Autonomous regions with special statuteEdit

 
Autonomous regions

Article 116 of the Italian Constitution grants to five regions (namely Sardinia, Sicily, Trentino-Alto Adige/Südtirol, Aosta Valley and Friuli-Venezia Giulia) home rule, acknowledging their powers in relation to legislation, administration and finance. These regions became autonomous in order to take into account cultural differences and protect linguistic minorities. Moreover, the government wanted to prevent their secession from Italy after the Second World War.[8]

Trentino-Alto Adige/Südtirol constitutes a special case. The region is nearly powerless, and the powers granted by the region's statute are mostly exercised by the two autonomous provinces within the region, Trentino and South Tyrol. In this case, the regional institution plays a coordinating role.[citation needed]

InstitutionsEdit

Each region has an elected parliament, called Consiglio Regionale (regional council), or Assemblea Regionale (regional assembly) in Sicily, and a government called Giunta Regionale (regional committee), headed by a governor called Presidente della Giunta Regionale (president of the regional committee) or Presidente della Regione (regional president). The latter is directly elected by the citizens of each region, with the exceptions of Aosta Valley and Trentino-Alto Adige/Südtirol, where he is chosen by the regional council.

Under the 1995 electoral law, the winning coalition receives an absolute majority of seats on the council. The president chairs the giunta, and nominates or dismisses its members, called assessori. If the directly elected president resigns, new elections are called immediately.

In Trentino-Alto Adige/Südtirol, the regional council is made up of the joint session of the two provincial councils of Trentino and of South Tyrol, and the regional governor is one of the two provincial commissioners.

Representation in the SenateEdit

 
Number of senators currently assigned to each Region.

Article 57 of the Constitution of Italy establishes that the Senate of the Italian Republic is elected on a regional basis (excluding 6 senators elected by Italians residing abroad and a small number of senator for life) by Italian citizens aged 25 or older.

The 309 senators are assigned to each region proportionally according to their population. However, Article 57 of the Constitution provides that no region can have fewer than seven senators representing it, except for the Aosta Valley (which has one) and Molise (which has two).

Region Seats[9] Region Seats Region Seats
  Abruzzo 7   Friuli-Venezia Giulia 7   Sardinia 8
  Aosta Valley 1   Lazio 28   Sicily 25
  Apulia 20   Liguria 8   Trentino-South Tyrol 7
  Basilicata 7   Lombardy 49   Tuscany 18
  Calabria 10   Marches 8   Umbria 7
  Campania 29   Molise 2   Veneto 24
  Emilia-Romagna 22   Piedmont 22 Overseas constituencies 6

Economy of regions and macroregionsEdit

Flag Name GDP 2011 million, EUR[10] GDP 2011 per capita 2011, EUR[10] GDP 2011 million PPS, EUR[10] GDP 2011 per capita 2011 PPS, EUR[10]
  Abruzzo 30,073 22,400 29,438 21,900
  Aosta Valley 4,328 33,700 4,236 33,000
  Apulia 69,974 17,100 68,496 16,700
  Basilicata 10,744 18,300 10,517 17,900
  Calabria 33,055 16,400 32,357 16,100
  Campania 93,635 16,000 91,658 15,700
  Emilia-Romagna 142,609 32,100 139,597 31,400
  Friuli-Venezia Giulia 36,628 29,600 35,855 29,000
  Lazio 172,246 29,900 168,609 29,300
  Liguria 43,998 27,200 43,069 26,700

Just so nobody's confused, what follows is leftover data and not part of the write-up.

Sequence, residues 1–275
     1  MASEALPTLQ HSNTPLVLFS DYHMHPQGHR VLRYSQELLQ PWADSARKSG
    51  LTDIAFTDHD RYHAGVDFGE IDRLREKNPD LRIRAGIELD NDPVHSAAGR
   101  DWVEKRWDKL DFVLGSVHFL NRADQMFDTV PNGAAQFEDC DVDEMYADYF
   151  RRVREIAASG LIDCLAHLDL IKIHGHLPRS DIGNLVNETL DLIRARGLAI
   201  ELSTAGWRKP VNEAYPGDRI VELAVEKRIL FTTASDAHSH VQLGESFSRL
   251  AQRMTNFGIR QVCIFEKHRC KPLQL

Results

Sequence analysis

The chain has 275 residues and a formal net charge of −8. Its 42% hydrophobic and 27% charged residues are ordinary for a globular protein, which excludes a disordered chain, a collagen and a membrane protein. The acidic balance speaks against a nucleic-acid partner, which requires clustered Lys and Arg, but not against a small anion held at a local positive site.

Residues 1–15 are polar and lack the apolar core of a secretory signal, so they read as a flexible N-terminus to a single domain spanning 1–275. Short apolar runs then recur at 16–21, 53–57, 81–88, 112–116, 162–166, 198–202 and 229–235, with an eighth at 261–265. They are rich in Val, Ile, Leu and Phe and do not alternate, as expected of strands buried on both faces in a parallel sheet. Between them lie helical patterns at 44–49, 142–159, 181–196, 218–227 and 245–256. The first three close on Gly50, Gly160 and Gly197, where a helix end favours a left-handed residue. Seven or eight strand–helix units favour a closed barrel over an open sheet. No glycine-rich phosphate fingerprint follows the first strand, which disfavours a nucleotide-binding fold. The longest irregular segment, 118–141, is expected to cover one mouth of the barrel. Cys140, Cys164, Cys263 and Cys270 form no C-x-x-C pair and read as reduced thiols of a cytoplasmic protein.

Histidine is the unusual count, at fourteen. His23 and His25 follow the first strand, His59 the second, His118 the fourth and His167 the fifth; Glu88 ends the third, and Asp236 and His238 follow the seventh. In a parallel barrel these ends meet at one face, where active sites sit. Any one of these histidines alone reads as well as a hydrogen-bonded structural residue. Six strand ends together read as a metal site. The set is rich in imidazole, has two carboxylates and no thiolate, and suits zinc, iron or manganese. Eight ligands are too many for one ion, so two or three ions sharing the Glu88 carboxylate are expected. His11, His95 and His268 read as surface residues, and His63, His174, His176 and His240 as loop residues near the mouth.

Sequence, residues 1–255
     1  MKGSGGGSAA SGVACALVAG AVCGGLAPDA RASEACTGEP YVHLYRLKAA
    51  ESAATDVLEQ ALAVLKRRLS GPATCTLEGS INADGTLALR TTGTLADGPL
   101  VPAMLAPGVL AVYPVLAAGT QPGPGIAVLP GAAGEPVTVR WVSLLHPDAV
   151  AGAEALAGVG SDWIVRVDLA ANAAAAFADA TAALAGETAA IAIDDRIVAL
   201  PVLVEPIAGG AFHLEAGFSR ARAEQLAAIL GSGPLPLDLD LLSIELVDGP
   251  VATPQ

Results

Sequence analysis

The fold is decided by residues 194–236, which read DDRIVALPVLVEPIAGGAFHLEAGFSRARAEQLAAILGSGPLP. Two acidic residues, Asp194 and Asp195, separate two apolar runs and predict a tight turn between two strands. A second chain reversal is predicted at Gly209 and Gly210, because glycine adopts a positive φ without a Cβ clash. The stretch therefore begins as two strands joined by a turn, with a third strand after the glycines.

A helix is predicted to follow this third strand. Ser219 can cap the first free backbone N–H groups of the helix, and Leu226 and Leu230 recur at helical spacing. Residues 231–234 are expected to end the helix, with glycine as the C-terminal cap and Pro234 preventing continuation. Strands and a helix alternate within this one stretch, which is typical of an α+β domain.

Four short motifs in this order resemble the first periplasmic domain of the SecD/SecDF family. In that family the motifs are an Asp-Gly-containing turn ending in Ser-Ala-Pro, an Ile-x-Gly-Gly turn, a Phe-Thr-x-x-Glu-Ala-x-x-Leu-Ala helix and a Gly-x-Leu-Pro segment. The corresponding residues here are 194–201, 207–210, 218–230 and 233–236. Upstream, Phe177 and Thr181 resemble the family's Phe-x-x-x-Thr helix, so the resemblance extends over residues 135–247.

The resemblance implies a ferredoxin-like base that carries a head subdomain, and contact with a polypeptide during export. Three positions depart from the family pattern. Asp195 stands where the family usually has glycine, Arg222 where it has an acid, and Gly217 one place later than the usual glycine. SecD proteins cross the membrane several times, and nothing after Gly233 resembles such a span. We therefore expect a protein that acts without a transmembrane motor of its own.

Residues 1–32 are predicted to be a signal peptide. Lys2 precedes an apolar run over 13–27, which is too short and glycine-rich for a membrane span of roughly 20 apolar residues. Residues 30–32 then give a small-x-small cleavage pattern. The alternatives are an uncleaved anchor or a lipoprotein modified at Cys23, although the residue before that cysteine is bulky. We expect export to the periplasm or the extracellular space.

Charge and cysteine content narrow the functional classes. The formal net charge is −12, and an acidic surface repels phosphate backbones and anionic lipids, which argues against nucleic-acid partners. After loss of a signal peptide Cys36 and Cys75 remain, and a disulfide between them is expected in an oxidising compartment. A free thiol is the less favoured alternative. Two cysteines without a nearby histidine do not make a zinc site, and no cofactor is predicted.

Lombardy 337,161 33,900 330,042 33,200
  Marches 40,877 26,100 40,014 25,500
  Molise 6,414 20,100 6,278 19,700
  Piedmont 125,997 28,200 123,336 27,600
  Sardinia 33,075 19,700 32,377 19,300
  Sicily 83,956 16,600 82,183 16,300
  Trentino-Alto Adige 35,797 34,450 35,041 33,700
  Tuscany 106,013 28,200 103,775 27,600
  Umbria 21,533 23,700 21,078 23,200
  Veneto 149,527 30,200 146,369 29,600
Code Name GDP 2011 million, EUR[10] GDP 2011 per capita 2011, EUR[10] GDP 2011 million PPS, EUR[10] GDP 2011 per capita 2011 PPS, EUR[10]
ITE Centre 340,669 28,400 333,475 27,800
ITD North-East 364,560 31,200 356,862 30,600
ITC North-West 511,484 31,700 500,683 31,000
ITG Islands 117,031 17,400 114,560 17,000
ITF South 243,895 17,200 238,744 16,800
- Extra-regio 2,771 - 2,712 -

The extra-regio territory is made up of parts of the economic territory of a country which cannot be assigned to a single region. It consists of the national air-space, territorial waters and the continental shelf lying in international waters over which the country enjoys exclusive rights, territorial exclaves, deposits of oil, natural gas etc. worked by resident units. Until 2011, the gross value added (GVA) produced in the extra-regio was allocated pro-rata to the inhabited regions of the country concerned. The order of magnitude of the extra-regio GVA depends in particular on the resource endowment in terms of natural gas and oil. In 2011, Member States and the European Commission agreed to give countries the possibility to calculate regional GDP also for the extra-regio. The resulting GDP is available only in absolute values, because the extra-regio territory by definition does not have a resident population.

See alsoEdit

ReferencesEdit

  1. ^ "National structures". Eurostat. Retrieved 6 December 2011. 
  2. ^ a b c "Speciale Referendum 2006". la Repubblica. 26 June 2006. Retrieved 6 December 2011. 
  3. ^ "Population Italian Regions". tuttitalia.it. 
  4. ^ "Italian Comuni". tuttitalia.it. 
  5. ^ Statuti Regionali - Edizioni Simone
  6. ^ The Constitution of the Italian Republic
  7. ^ Report RAI - Le regioni a statuto speciale (Italian), retrieved 21st Jan 2009 [1], [2] Archived October 6, 2008, at the Wayback Machine.
  8. ^ Hiroko Kudo, “Autonomy and Managerial Innovation in Italian Regions after Constitutional Reform”, Chuo University, Faculty of Law and Graduate School of Public Policy (2008): p. 1. Retrieved on April 6, 2012 from http://www.med-eu.org/proceedings/MED1/Kudo.pdf.
  9. ^ http://www.senato.it/leg/17/BGT/Schede/Attsen/Regioni/01.html
  10. ^ a b c d e f g h GDP per capita in the EU in 2011

External linksEdit